And yet, Liszt could easily have set up his piece in three such movements had he wanted to. Surely his score accurately represents a more free-flowing stream of consciousness—one in which the sections are obfuscated all the more through the eliding influences of cadenzas and transitional passages. He was outspoken about this penchant, criticizing composers for returning incessantly to tried-and-true musical forms, insisting to his pupil and acolyte August Stradal that “new wines demand new bottles.”
Thinking of the piece in this way concurs with Liszt’s basic musical character, which is on the whole episodic. He does not lean heavily on structural templates to convey logic. The pianist Alfred Brendel observed in his book Musical Thoughts and Afterthoughts:
There is something fragmentary about Liszt’s work; its musical argument, perhaps by its nature, is often not brought to a conclusion. But is the fragment not the purest, the most legitimate form of Romanticism? . . .It is the business of the interpreter to show us how a general pause may connect rather than separate two paragraphs, how a transition may mysteriously transform the musical argument. … Anyone who does not know the allure of the fragmentary will remain a stranger to much of Liszt’s music, and perhaps to Romanticism in general.
One idea Liszt put to potent use in his Second Concerto was the technique of thematic transformation. Beethoven and Schubert had done similar things, to be sure. But Liszt thought broadly about the implications of such a thematic transformation, to the point that the refashioning was not just a variation of local interest but rather the musical generator of an entire movement. In this, he was perhaps most allied to Berlioz among his contemporaries, and the idea would be taken up as gospel by Franck and his followers. The opening theme of Liszt’s Second Concerto, for example, is articulated clearly by the first clarinet, playing within a choir of woodwinds. It does serve a normal role as a theme in the opening section, but it also returns late in the concerto, launching the section marked Marziale, un poco meno allegro, but at that spot reimagined as muscular march played fortississimo by the full orchestra; and a few pages later, as soon as that episode has made it points, the solo piano (unaccompanied) takes up the same theme but cloaks it in yet a different outfit, fragmenting the melody into a stretch of ultra-Lisztian yearning against an arpeggiated left-hand accompaniment.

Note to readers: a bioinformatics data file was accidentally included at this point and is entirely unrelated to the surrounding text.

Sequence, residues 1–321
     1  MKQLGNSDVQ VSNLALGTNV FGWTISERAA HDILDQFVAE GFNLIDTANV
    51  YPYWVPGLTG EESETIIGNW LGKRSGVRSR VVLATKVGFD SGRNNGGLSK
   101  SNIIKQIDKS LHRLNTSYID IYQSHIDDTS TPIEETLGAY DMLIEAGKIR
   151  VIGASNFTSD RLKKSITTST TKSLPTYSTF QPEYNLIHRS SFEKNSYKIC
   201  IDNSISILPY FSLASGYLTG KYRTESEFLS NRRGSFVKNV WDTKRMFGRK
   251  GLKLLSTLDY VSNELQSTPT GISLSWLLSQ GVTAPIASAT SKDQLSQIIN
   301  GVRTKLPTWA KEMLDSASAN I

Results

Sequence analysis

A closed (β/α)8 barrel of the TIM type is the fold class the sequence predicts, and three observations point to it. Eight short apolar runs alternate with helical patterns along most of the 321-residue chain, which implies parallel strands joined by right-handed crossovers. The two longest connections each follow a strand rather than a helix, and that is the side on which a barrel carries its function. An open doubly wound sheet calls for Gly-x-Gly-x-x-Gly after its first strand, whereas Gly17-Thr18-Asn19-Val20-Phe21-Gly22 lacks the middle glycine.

The nature of the keyboard-writing also lends a specific flavor to this concerto. We automatically think of Liszt as a piano virtuoso first and foremost. Indeed, he possessed an extraordinary technique, was noted for his flamboyance during his years as a touring performer, and filled piece after piece with dazzling displays of octave passages, top-velocity finger-work, and writing that careered dizzily up and down the entire length of the keyboard. The A major Concerto is more subdued in this regard. Its technical demands remain substantial, and Liszt certainly does include passages that convey virtuoso spectacle; but on the whole, one senses the composer’s deep-seated desire to integrate the solo instrument into the symphonic texture rather than highlight it as a vessel of independent display.
—James M. Keller
James M. Keller is Program Annotator of the San Francisco Symphony and the New York Philharmonic. He is the author of Chamber Music: A Listener’s Guide (Oxford University Press).